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Crossroads Africa

In the 2008-2009 academic year, Colby-Sawyer College welcomed its first Fulbright Scholar-in-Residence, Isaac Nyamongo, from the University of Nairobi in Kenya. However, this was not the first time that the College and the University of Nairobi in Kenya have shared a connection.

From 1962 until 1972, Dr. Everett M. Woodman served as president of Colby Junior College.  Before coming to the college, President Woodman worked in various positions abroad including Cultural Affairs Officer in Madras, India, Attaché at the US Embassy in New Delhi, and Director of the Educational Exchange Program for India.  As a result, when Woodman arrived at Colby Junior College, he recognized the need for an international perspective on education; one of the most notable programs that resulted from this emphasis was the partnership between Colby Junior College’s Secretarial Science program and Operation Crossroads Africa.

Operation Crossroads Africa was established in 1958 by Dr. James H. Robinson.  A forerunner to the Peace Corps, Crossroads Africa was established to allow young Americans and Africans to work together on a grassroots level.  Collaboration between Colby Junior College and Crossroads Africa began in 1966 when President Woodman and Dr. Robinson met at a three-day convocation held at the College; during that time, they discussed the need for secretarial improvement in Africa.  Recognizing that Colby Junior College had a strong Secretarial Science program, President Woodman recommended a partnership between the College and Crossroads Africa.

A four part plan was established; the objectives of this program were to upgrade secretarial standards and procedures in Africa, to establish a secretarial training program for Africans and to produce qualified African secretaries in East Africa for service in business, commerce, industry, and government.  In 1967, Phase One began when Secretarial Science department head, Marnie Kurtz, and Colby Junior College student, Lindy Fisher, conducted a survey of secretarial work in Kenya and Tanzania.  They spent six weeks in Nairobi and two weeks in Dar es Salaam.  They visited seven secretarial schools that had a combined total of 790 students enrolled.  Kurtz and Fisher were surprised to discover that of these 790 students only 200 were African.  Additional findings revealed that the majority of personal secretaries working in both the Kenyan government and the private sector were Asian or European due to the lack of secretarial skills and English language skills in African secretaries.

Kurtz and Fisher reported their findings to both Colby Junior College and Crossroads Africa and a pilot project was implemented in the summer of 1968.  Two Colby Junior College faculty members (including Kurtz), six students, and an ESL teacher established an eight week course at the University of Nairobi in Kenya.  The course was entitled, “Secretarial Improvement Course for African Office Employees” and was available to anyone with at least six months of office experience.  24 women were accepted the first year, but response to the program was so popular that applications were held over for the following year.  In 1969, the program was continued with the addition of a Typing Refresher Course for 25 students selected by the Ministry of Labor’s office.  The program would run from 1967 until 1973 when the final two phases of the project were completed.  By that time, several of the African students had come to Colby Junior College and other American secretarial science programs to take classes and had returned to Kenya to teach their peers.  Also, that final year, an African sponsored and run training program was established in Kenya.  The Colby Junior College Secretarial Science program had completed its mission and left Kenya confident that their students now had all the tools that they needed to teach future generations of secretaries.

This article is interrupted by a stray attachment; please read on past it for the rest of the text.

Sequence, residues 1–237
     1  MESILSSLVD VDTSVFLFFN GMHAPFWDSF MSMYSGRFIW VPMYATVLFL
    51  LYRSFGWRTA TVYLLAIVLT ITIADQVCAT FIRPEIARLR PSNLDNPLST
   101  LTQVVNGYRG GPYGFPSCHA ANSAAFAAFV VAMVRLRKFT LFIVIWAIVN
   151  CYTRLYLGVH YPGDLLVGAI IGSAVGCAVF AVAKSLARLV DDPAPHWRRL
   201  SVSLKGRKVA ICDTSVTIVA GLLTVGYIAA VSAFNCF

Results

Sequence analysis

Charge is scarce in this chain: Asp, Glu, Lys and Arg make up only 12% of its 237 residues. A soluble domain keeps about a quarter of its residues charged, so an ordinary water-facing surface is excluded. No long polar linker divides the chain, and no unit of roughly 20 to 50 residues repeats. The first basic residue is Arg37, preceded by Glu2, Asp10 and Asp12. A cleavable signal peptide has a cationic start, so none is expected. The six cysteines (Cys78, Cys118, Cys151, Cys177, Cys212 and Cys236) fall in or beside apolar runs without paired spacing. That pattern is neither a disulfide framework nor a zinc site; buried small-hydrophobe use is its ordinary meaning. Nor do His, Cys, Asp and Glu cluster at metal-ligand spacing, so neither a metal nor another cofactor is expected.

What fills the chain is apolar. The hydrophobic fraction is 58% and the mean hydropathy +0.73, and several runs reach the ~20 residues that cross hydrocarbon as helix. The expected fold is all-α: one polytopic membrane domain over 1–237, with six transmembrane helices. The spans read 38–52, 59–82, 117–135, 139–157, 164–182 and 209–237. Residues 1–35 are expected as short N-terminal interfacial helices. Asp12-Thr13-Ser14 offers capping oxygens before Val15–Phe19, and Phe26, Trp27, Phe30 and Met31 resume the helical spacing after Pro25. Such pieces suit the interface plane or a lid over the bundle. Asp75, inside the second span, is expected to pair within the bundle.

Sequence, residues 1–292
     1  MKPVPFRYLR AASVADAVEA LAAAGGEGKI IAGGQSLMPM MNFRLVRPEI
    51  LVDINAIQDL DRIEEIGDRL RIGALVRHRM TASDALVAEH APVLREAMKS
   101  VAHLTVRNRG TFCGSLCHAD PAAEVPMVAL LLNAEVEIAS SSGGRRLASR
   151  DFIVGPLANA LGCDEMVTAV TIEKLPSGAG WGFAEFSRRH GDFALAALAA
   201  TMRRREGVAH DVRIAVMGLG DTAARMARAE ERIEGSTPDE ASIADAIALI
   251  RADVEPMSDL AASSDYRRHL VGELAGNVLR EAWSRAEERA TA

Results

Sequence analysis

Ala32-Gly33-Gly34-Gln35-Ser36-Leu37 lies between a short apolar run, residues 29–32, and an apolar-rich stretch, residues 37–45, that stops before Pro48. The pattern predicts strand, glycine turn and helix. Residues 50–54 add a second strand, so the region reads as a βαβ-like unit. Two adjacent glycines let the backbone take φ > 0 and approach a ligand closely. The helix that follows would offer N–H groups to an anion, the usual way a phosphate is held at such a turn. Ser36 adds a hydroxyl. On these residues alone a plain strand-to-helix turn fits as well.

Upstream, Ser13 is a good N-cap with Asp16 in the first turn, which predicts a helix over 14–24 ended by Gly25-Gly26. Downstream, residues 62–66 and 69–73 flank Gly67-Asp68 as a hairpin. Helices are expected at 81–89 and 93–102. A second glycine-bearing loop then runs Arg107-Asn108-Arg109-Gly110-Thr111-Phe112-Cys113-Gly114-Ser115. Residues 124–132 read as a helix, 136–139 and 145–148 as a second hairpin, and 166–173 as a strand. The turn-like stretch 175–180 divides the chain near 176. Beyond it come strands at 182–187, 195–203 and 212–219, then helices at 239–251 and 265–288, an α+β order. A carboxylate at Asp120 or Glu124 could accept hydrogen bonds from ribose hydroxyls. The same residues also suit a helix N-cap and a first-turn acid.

However, this program was also a learning experience for the Colby Junior College students most of whom had never been to Africa before and didn’t know what to expect.  Many of their parents wrote concerned letters to the school about their children’s safety in Kenya, but all of these fears were quickly removed by Marnie Kurtz, who oversaw the project during its entirety.  The students stayed in hotels in Nairobi and served as teacher’s aides to the two faculty members.  They assisted students in classes on shorthand, transcription, typing, grooming practices, job etiquette, and interviewing skills.  In addition to the work these women did in the classroom, The Colby Junior College students also got to experience African culture.  One student, Marian Fernandes, shares, “We had a very busy night life.  We dated all types of people: Africans, Asians, Europeans, Americans, and Canadians.  Each introduced us to a new facet of their environment and explained their different customs and beliefs” (Colby Courier, 10/8/1968, page 3).  In addition to their nighttime activities, the students spent their weekends on safari or exploring different tribal cultures on planned trips around the countryside.

The experience was an eye opener for the Colby Junior College students.  When asked how they liked living in Nairobi and how it differed from a US city, one student responded, “I found adjusting to Nairobi difficult, the longer I was there, the easier it became.  The whole city is a completely different culture—being a minority in a black country is really strange” (Evaluation, Crossroads Africa, RG 23.10.1, Colby-Sawyer College; Cleveland Colby Colgate Archives; New London, NH).  Other responses included that it was friendly, warm, slower paced, and that there was a lack of modern conveniences.  All agreed when they returned that Crossroads Africa was a positive experience and one of the best of their lives.


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